Background/purpose: Necrotizing enterocolitis (NEC) is a devastating disease of prematurity that develops after feeding, often without warning, and results in diffuse intestinal necrosis leading to sepsis and death in many cases. The lack of improvement in overall survival is influenced by nonspecific diagnostic modalities as well as inexact and nonpersonalized treatment strategies. Methods/Results: Recently, we and others have shown that NEC develops in response to exaggerated bacterial signaling in the premature intestine, as a consequence of elevated expression and activity of the bacterial receptor toll-like receptor 4 (TLR4), which is important for normal gut development. Breast milk is a powerful TLR4 inhibitor, while mutations in TLR4 genes lead to increased NEC risk in humans, providing proof-of-concept for its role in NEC. Recently, a drug discovery approach has revealed a novel class of TLR4 inhibitors which are being developed for personalized approaches to NEC treatment. Conclusion: This review will highlight the current understanding of the role of bacterial signaling in NEC pathogenesis, and will describe advances in diagnosis, prevention and treatment of NEC that may hopefully improve survival for these most fragile patients. Systematic Review: Level of Evidence: Level II.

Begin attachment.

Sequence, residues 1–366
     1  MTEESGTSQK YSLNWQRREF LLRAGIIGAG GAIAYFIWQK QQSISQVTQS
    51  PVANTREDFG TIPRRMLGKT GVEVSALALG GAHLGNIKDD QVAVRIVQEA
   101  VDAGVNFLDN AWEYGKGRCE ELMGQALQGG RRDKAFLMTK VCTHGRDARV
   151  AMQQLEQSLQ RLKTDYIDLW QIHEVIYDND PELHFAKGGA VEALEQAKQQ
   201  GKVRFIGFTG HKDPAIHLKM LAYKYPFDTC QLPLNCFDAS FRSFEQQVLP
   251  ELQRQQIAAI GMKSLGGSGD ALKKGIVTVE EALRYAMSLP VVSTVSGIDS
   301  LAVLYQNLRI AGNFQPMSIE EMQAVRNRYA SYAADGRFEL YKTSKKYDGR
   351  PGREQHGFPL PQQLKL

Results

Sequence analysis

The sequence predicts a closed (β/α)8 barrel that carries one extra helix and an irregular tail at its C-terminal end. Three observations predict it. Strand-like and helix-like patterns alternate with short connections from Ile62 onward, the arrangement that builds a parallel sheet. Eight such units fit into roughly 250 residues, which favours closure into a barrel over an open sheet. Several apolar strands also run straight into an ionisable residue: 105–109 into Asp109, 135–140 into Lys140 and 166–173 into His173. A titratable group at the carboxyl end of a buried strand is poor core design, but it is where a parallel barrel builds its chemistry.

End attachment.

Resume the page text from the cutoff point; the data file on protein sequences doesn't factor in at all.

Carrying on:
- Breast milk
- Innate immunity
- Necrotizing enterocolitis (NEC)
- Toll-like receptor 4 (TLR4)